Johnson, however, is beholden to his fanatically pro-Brexit Tory party, backed by pro-Brexit donors, whose leadership he won on a Brexit at all costs ticket. Number 10 has already signalled the government’s intention to reinsert the clauses removed by the Lords when the Bill returns to the House of Commons, where the Tories have an 80 seat majority. A government minister told the Financial Times following the Lords vote that the clauses “are popular with the backbenchers. To remove those clauses would risk causing great upset, particularly among those who vigorously defended the bill in the first place.”
The prime minister is also caught in the game of brinkmanship he has been playing with the EU since becoming prime minister. Only a month ago the UK government threatened to pull out of talks altogether. Michel Barnier, the EU’s chief negotiator, privately warned last week that talks were not on a “trajectory” for a deal and that “very serious divergences” remained between the two sides. After a call between EU President Ursula von der Leyen and Johnson over the weekend, Number 10 announced that “significant differences remain” and an EU source told the Guardian, “we are nowhere.”
Under these conditions, the Johnson government was clearly holding out for a Trump victory and even entertained barely concealed hopes for a successful Trump coup. Raab refused to acknowledge, let alone condemn, Trump’s anti-democratic plotting on election night, as he falsely declared himself the winner and made unsubstantiated claims of ballot fraud.
Asked on Sunday whether he believed the US elections had been fair, after tweeting that “some of the processes are still playing out” in his congratulation message to Biden, Raab replied, “We really don’t want to get drawn into the cut and thrust, the controversies, the claims, the counter-claims, either in the election or in the immediate aftermath…”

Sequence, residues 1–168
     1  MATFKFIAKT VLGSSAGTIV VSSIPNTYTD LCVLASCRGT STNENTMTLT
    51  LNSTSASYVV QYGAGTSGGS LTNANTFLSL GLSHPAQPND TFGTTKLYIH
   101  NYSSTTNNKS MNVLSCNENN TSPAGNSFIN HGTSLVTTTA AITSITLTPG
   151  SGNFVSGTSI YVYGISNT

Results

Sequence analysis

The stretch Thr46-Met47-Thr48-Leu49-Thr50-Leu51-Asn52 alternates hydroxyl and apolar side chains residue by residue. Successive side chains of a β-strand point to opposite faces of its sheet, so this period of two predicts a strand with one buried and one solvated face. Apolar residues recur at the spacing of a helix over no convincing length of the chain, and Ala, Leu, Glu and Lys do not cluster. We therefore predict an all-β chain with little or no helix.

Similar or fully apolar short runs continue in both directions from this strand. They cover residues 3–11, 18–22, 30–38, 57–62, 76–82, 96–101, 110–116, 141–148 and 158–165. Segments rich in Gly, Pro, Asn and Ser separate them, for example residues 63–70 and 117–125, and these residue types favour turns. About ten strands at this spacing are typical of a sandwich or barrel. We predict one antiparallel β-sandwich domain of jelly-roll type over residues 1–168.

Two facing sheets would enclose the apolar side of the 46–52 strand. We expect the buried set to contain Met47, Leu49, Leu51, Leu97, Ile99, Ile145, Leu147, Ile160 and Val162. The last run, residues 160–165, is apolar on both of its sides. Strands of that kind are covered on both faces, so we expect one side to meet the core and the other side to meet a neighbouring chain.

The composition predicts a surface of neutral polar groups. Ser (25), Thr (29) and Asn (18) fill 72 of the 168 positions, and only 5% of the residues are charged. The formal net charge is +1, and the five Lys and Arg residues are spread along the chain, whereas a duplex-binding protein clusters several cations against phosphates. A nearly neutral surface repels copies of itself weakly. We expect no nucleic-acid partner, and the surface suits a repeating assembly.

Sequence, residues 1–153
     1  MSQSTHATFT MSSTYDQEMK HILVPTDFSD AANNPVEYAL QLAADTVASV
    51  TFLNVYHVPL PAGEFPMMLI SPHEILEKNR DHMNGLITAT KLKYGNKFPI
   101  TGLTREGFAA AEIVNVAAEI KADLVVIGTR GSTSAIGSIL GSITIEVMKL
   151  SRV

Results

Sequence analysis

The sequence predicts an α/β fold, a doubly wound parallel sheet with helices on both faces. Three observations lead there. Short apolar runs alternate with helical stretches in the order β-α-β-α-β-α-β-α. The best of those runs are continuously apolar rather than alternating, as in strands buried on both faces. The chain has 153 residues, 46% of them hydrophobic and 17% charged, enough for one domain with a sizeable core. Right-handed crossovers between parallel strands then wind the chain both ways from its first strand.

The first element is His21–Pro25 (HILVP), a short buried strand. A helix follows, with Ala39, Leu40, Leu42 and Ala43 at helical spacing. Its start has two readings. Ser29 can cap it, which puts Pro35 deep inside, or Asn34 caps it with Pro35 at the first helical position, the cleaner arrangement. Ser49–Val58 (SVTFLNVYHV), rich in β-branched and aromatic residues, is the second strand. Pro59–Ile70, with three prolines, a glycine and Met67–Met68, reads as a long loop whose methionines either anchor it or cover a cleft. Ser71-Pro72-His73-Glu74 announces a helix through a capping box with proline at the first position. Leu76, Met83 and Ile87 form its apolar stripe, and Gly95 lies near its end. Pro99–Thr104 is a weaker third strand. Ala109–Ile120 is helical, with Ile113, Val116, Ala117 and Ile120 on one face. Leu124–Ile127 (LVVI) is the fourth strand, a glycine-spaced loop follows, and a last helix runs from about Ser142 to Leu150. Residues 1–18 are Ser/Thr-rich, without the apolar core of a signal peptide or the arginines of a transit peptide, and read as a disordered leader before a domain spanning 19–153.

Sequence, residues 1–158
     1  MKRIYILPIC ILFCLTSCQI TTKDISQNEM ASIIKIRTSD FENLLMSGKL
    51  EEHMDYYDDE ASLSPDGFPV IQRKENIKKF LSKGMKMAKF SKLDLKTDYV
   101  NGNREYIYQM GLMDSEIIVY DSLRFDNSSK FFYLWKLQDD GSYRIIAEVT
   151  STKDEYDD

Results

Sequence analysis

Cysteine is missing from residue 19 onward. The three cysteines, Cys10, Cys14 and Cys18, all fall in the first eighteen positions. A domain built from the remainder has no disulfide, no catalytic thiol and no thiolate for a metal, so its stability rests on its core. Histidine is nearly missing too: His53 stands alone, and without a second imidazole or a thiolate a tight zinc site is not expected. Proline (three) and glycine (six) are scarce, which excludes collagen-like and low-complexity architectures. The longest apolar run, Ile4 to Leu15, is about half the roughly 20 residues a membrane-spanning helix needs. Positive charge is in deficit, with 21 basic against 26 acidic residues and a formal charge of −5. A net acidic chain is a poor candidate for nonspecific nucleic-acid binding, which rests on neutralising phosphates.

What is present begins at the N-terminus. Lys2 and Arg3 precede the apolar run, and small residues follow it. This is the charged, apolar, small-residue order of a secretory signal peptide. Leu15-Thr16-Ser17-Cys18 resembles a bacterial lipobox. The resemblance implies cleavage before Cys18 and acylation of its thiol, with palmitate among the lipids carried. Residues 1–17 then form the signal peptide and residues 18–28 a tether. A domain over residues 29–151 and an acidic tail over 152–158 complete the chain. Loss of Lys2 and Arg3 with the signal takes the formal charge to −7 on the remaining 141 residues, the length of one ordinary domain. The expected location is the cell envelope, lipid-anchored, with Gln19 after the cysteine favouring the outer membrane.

The question is open as to how far Johnson was actively engaged in discussions with the Trump administration about their plans to stay in office. But yesterday Johnson finally referred to Trump as the “previous president” after his first telephone conversation with Biden—an indication of how deeply he has been undermined.
Johnson is caught between the fierce divisions in the American and British ruling classes, generated by rapidly sharpening geopolitical and class conflicts. The crisis in the US has brought tensions in the UK over Brexit to breaking point. In the coming weeks and months, it will send shockwaves throughout the British and international working class, who will be radicalised by the ongoing collapse of American democracy.
Just as American workers and youth have no representative in either the Democrats or the Republicans, and must build an independent socialist party against both, so British workers and young people must reject both wings of their own ruling class in their noxious Brexit conflict. The only political means of doing do is the common struggle with the working class on the continent for the United Socialist States of Europe.